And:

As part of the arrangement, the Libyan fund planned to hand over the $50 million to Palladyne, according to documents reviewed by the Journal. Goldman said it would make the payment if the deal satisfied “Foreign Corrupt Practices Act representations as set out in the Terms Letter,” among other conditions.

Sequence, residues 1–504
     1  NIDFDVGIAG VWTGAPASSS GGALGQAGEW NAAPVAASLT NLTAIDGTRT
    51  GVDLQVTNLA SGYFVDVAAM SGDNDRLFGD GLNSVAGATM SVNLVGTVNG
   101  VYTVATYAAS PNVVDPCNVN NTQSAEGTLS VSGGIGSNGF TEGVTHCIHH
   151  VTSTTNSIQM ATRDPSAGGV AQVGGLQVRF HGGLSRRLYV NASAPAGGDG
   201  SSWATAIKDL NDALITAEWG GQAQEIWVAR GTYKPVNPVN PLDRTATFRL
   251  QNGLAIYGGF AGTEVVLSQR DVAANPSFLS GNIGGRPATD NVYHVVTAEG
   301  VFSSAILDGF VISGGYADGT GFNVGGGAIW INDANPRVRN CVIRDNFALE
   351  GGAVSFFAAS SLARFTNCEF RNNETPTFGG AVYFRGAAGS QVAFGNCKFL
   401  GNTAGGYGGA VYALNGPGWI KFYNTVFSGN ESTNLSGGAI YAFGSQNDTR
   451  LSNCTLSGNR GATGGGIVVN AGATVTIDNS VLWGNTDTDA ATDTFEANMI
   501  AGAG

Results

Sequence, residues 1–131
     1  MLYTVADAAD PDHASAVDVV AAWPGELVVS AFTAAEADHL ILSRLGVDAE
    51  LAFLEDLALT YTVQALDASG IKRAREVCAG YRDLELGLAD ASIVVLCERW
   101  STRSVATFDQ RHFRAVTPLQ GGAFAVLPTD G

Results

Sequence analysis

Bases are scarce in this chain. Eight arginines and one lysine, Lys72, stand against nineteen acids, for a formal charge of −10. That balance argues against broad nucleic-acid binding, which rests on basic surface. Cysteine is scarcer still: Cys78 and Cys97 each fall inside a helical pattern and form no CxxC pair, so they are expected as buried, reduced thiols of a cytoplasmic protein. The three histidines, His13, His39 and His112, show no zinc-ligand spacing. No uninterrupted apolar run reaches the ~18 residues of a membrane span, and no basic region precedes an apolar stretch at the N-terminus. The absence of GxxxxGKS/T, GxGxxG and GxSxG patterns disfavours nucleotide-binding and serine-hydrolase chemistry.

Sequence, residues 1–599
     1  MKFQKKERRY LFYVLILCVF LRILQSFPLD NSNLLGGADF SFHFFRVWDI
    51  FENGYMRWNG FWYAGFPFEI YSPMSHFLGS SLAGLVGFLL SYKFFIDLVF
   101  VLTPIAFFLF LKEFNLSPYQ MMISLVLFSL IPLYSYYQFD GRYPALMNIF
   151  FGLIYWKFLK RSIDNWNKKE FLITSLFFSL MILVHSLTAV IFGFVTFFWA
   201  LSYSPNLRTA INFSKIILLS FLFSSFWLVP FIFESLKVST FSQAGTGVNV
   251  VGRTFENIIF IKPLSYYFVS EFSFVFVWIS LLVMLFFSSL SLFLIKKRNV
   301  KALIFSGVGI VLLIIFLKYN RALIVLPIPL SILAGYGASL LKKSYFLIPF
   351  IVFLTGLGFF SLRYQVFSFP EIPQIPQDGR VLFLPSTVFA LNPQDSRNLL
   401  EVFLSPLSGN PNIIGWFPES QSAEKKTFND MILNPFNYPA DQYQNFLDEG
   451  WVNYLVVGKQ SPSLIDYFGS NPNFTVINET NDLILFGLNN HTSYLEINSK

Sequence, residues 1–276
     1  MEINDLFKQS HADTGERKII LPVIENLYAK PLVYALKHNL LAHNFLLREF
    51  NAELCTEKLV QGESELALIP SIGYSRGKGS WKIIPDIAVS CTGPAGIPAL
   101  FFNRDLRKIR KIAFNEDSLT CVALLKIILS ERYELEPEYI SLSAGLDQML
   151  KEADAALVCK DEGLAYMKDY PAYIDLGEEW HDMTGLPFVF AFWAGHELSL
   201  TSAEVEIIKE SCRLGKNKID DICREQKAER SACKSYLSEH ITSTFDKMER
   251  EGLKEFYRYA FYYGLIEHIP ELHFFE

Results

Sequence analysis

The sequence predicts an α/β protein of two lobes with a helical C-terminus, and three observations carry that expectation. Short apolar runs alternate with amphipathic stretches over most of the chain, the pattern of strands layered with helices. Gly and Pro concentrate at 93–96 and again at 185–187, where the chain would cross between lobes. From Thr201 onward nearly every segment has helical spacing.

Lawyers said firms generally can’t rely on such language to ensure compliance with antibribery laws.

In other words, “we will pay this $50 million bribe to your oil minister’s son-in-law as long as we don’t call it a bribe.”

And Goldman’s supposed to be the smart ones.

Ryan Chittum is a former Wall Street Journal reporter, and deputy editor of The Audit, CJR's business section. If you see notable business journalism, give him a heads-up at rc2538@columbia.edu.